This interview of Tulsi Ben was taken when we first met her. Since day one, her playful spirit, enthusiasm and infectious smile has been a constant. She belongs to a community in Kutch that practices Suf embroidery; a painstaking craft form that requires patience, imagination, and a skill that can never be replicated on machines.
How did you learn embroidery?
In 2003, I dropped out of 7th grade and started learning at home.
How did you start working?
I worked for NGO’s first, but was not happy with the pay as it required a lot of effort. I also wanted to create my own designs.
What made you become an independent Artisan Designer?
One day I saw the Kala Raksha Fashion Show, where artisans showcased their designs and I wished I could be part of it. My aunt then got my name registered at Kala Raksha Vidyalaya. She made two cousins of mine Laxmi and Tara join the program too. Encouraged by the learning, I joined the Business Course at Somaiya Kala Vidyalaya.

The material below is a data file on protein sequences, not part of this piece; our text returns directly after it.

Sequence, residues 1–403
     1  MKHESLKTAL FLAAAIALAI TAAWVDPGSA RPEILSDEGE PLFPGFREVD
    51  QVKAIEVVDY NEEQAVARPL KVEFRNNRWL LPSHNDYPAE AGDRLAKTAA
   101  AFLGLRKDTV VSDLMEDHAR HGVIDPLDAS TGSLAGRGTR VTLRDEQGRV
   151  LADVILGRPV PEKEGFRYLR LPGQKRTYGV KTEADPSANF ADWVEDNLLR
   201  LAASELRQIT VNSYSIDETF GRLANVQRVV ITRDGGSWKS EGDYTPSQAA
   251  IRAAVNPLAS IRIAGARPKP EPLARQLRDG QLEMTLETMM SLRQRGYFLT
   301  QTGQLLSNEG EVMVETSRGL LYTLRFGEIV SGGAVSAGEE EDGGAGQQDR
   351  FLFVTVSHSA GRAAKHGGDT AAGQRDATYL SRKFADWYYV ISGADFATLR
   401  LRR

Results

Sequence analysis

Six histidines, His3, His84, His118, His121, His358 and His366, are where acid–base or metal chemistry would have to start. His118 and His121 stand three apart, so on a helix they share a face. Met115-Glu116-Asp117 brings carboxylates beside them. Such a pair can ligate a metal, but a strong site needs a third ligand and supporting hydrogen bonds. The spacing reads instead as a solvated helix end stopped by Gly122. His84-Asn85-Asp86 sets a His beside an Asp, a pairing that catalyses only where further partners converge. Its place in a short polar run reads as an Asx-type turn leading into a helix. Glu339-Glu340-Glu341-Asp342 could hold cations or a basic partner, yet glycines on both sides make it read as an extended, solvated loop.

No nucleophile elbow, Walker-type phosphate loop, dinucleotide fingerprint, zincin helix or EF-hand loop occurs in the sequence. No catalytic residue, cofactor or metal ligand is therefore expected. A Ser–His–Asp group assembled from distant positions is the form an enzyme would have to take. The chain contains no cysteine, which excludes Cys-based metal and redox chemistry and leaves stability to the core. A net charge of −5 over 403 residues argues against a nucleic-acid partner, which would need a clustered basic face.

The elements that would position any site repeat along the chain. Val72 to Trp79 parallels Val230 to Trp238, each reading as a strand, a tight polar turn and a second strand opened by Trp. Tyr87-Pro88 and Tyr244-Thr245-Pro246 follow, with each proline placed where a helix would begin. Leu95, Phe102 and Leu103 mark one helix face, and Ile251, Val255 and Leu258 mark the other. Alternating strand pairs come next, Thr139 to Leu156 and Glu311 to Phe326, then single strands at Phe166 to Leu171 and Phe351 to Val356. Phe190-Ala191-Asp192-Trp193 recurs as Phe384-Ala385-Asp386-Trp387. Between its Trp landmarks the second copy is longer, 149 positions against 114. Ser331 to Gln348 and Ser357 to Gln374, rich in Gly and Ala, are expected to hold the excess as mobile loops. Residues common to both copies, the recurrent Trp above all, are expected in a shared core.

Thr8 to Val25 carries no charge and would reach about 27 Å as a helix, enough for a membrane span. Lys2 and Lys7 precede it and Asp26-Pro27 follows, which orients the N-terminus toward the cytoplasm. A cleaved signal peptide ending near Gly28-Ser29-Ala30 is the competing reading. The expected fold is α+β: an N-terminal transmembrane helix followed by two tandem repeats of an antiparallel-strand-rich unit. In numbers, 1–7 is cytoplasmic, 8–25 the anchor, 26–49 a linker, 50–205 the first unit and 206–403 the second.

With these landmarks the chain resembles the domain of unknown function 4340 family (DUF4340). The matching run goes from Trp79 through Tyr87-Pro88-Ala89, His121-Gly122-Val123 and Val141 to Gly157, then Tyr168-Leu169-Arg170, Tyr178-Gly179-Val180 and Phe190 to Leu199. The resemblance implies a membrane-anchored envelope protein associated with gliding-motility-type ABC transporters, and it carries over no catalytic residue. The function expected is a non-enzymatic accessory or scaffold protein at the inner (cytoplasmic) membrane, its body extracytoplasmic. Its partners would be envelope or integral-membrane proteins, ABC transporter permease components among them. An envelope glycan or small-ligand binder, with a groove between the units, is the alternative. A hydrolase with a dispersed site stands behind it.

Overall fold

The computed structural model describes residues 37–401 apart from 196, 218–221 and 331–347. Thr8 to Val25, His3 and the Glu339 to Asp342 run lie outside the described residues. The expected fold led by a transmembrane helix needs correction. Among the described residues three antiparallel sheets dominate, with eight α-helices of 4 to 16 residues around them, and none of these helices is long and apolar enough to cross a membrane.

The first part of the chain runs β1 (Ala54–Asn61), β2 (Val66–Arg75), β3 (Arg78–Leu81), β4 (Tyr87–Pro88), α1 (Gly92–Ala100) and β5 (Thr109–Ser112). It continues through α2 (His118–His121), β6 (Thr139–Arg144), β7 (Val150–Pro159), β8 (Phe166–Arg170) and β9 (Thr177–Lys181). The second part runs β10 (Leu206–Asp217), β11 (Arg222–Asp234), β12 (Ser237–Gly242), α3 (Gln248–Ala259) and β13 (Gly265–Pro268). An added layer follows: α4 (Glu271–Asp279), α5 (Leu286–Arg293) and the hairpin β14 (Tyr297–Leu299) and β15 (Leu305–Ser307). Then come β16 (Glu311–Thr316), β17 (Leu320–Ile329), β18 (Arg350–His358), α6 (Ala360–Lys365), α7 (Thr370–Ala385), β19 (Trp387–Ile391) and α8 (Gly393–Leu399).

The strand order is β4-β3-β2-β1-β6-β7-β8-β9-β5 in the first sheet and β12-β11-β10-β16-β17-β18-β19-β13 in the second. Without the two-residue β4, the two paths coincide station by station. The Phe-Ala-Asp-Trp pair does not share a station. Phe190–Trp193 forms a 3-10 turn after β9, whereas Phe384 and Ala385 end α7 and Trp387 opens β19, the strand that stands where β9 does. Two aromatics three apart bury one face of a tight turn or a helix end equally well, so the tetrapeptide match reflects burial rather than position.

“I value my art more now. I see that people buy more Bandhani not Suf embroidery. I want to take my art further and see people value it more.”
Judyben (co-founder at Kala Raksha and Somaiya Kala Vidyalaya) gave us a new opportunity at Kala Raksha Vidyalaya. My first exhibition was on traditional lines featuring art work around ‘matki’ (clay pot), my second exhibition in December 2014 was inspired by butterflies. I am excited about the future and what it holds for my work.
Thank you Tulsi ben! You are the best!
Note: Tulsi ben has had several more exhibitions and has also collaborated with designers. Her designs were a part of Lakme Fashion Week. She continues to create Limited Edition Designs for Ruas camera and guitar straps.